Executive functioning issues

Do Kids Outgrow Executive Functioning Issues?

By Thomas E. Brown

My daughter is 10 and the school is telling me she has “executive functioning issues.” She has a lot of trouble focusing on her work. She’s very disorganized and is a lot more forgetful than other kids her age. Is this something she might outgrow?

Thomas E. Brown

Consulting Psychologist, Understood; Clinical Associate Professor of Psychiatry and Behavioral Sciences, Keck School of Medicine of USC

Executive functions are the self-management system of the brain. These functions don’t fully mature in most children until age 18 or 20. This process can take even longer for kids with executive functioning issues.

A lot of the research we have on executive functioning issues comes from studies of kids with ADHD. They tend to have more issues with executive functions than most other kids the same age. Research has shown that on average, kids with ADHD take about three years longer than their peers to develop these self-management skills.

The good news is that for many kids with ADHD, executive functions eventually mature by their early to mid-twenties. The not-so-good news is that growing up with this kind of delay can be very frustrating. It can make school and other aspects of daily life a lot more difficult.

That’s because executive functions are what help us focus and keep working on tasks we need to do—even when the tasks may not be especially interesting. These functions help us set priorities, get organized and get started on our work. They help us remember what we have read, what we have learned and what we need to do.

Issues with executive functioning can often cause more problems as grade-schoolers move up to middle school. This is when students have to start changing classrooms several times a day. They have to juggle assignments from more than one teacher. There are also more notebooks and other stuff to keep track of.

High school brings even more challenges. Classwork gets more difficult. There’s more homework. And students are expected to work more independently.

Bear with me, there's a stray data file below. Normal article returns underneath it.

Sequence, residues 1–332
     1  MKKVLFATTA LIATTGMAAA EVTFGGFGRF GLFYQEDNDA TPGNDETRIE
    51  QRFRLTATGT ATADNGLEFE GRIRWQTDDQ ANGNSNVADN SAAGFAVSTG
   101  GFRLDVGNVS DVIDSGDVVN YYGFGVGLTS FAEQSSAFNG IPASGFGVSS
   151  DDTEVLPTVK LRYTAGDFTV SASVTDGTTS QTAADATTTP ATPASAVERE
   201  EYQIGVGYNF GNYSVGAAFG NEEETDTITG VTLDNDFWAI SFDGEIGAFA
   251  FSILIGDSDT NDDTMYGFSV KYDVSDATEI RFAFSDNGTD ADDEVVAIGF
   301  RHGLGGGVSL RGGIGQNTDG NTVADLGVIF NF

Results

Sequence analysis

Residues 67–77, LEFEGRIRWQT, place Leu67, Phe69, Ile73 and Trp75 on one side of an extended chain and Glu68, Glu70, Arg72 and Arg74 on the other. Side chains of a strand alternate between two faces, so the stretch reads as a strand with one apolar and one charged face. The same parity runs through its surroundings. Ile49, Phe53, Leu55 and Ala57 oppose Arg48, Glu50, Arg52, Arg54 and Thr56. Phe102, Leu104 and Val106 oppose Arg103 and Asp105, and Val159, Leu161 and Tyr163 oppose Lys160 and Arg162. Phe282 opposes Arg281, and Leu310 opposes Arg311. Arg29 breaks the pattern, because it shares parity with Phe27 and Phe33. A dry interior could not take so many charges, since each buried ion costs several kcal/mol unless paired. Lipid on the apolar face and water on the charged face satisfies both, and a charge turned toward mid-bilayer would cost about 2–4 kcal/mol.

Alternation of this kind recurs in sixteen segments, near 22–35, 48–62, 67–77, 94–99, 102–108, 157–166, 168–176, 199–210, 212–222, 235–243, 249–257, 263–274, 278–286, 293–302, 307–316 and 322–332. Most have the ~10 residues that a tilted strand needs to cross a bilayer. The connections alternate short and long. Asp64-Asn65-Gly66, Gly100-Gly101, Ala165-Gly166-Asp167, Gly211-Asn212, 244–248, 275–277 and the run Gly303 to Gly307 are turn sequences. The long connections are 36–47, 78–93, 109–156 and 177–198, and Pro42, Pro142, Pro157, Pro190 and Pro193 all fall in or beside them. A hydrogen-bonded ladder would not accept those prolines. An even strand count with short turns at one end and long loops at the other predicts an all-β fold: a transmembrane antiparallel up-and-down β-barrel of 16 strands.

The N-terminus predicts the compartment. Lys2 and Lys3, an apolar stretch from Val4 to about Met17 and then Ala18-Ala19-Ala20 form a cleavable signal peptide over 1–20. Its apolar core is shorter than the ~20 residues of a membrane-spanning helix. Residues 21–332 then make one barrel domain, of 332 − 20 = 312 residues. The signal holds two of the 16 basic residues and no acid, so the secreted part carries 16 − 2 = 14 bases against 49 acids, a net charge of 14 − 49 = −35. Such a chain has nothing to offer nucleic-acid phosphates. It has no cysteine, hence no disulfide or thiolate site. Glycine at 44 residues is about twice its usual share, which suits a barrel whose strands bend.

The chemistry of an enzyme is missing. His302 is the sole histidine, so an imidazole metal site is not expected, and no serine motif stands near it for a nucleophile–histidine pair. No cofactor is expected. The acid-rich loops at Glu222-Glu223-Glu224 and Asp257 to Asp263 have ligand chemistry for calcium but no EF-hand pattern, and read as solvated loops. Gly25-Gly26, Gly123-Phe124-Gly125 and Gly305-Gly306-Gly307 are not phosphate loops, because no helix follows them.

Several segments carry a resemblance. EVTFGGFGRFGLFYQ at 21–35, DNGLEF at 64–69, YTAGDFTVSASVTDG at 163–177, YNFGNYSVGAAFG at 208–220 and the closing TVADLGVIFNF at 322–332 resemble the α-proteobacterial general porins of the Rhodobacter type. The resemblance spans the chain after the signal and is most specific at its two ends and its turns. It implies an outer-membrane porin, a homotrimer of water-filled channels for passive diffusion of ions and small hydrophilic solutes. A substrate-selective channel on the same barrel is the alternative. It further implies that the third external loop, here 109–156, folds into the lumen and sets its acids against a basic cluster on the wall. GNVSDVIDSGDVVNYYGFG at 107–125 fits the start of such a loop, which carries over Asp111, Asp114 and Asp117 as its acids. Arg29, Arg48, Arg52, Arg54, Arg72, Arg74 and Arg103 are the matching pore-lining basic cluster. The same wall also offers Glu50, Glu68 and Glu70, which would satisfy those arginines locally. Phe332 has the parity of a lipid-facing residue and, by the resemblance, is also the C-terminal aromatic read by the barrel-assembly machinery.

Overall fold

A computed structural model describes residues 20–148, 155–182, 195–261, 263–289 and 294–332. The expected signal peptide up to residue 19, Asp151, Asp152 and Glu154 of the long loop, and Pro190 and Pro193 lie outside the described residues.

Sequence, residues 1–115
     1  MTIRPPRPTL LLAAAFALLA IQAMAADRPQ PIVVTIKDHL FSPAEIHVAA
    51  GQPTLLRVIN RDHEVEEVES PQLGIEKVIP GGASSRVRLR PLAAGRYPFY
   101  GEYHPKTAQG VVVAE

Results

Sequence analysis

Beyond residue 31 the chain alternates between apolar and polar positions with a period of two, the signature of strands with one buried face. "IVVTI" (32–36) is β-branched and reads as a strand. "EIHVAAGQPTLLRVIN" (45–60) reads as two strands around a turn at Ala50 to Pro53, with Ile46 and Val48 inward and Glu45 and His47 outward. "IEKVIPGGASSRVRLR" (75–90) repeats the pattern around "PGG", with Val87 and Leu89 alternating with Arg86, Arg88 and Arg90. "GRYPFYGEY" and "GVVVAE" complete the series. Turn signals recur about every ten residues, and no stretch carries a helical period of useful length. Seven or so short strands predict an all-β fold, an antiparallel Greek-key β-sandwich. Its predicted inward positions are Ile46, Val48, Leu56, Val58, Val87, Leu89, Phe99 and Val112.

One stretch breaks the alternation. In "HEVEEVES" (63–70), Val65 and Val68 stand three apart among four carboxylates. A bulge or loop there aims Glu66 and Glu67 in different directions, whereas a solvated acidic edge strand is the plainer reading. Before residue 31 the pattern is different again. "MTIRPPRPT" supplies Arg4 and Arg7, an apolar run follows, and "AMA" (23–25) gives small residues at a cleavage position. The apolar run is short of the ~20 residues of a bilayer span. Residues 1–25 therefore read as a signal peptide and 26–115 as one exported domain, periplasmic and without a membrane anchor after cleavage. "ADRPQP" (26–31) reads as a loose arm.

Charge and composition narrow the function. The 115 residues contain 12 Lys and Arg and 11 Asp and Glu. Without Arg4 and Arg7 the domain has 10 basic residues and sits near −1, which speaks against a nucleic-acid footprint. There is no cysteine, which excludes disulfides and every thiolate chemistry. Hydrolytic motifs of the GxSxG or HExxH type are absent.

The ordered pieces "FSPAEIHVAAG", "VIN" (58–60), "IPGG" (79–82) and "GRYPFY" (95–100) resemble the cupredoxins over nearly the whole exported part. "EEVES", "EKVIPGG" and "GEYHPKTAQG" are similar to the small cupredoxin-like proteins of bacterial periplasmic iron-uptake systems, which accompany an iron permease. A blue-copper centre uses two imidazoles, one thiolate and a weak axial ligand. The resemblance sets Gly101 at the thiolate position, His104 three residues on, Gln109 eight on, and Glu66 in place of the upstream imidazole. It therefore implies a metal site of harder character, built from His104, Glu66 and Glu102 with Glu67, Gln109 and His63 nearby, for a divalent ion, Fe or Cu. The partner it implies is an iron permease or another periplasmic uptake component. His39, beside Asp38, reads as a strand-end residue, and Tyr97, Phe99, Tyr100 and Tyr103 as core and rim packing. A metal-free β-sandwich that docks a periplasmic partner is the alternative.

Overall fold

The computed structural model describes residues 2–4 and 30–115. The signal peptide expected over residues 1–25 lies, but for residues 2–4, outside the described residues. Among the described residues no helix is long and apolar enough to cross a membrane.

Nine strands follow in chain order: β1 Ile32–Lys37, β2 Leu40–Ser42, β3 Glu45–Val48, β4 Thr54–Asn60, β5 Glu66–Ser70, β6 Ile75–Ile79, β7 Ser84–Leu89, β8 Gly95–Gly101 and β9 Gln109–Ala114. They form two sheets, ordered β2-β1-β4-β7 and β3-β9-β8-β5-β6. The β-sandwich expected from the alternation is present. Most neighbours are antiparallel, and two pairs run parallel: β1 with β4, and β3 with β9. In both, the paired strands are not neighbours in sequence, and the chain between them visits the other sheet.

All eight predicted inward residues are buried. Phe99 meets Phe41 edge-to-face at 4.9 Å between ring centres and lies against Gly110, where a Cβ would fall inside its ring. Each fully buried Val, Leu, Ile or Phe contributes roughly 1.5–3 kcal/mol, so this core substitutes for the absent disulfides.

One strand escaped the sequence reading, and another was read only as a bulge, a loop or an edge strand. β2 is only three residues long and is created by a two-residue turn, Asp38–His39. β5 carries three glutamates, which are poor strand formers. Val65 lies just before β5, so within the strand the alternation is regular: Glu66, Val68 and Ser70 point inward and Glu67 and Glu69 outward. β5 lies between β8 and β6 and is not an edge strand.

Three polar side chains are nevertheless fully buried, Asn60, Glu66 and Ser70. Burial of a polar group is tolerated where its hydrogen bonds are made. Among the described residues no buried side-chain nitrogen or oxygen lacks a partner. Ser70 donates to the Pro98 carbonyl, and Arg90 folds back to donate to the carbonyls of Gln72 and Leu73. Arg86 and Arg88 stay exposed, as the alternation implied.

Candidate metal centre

It’s important for you and your child to know that having issues with executive functioning has nothing to do with how smart a person is. Some extremely intelligent people have these difficulties.

Here’s one way I like to describe executive functioning issues. It’s like having an orchestra where each musician plays her own instrument very well. But there’s no conductor to signal the flutes to start playing or the violins to fade out.

I also want to mention one aspect of executive functioning issues and ADHD that often puzzles parents. All kids with these issues have a few activities in which they perform very well. They can focus for a long time when doing something they find really interesting.

For one child, it may be playing a sport or video game. For another, it may be making art or building model airplanes. Yet until their brain matures, they may be unable to get themselves to focus on school and other things that may be more important.

This is not a matter of will power. It’s a matter of brain development and brain chemistry.

There are many ways to help kids with executive functioning issues. You may want to read about classroom accommodations. Extra support from parents is also key. Parenting Coach has lots of tips on lots of topics, including getting organized and managing ADHD.

You may also want to read about ADHD medication. It can be quite helpful in improving things like focus and effort while kids and their parents are waiting for the brain to develop these abilities.

About the Author

Portrait of Tom Brown

Thomas E. Brown is a clinical psychologist and clinical associate professor of psychiatry at the Keck School of Medicine of USC.

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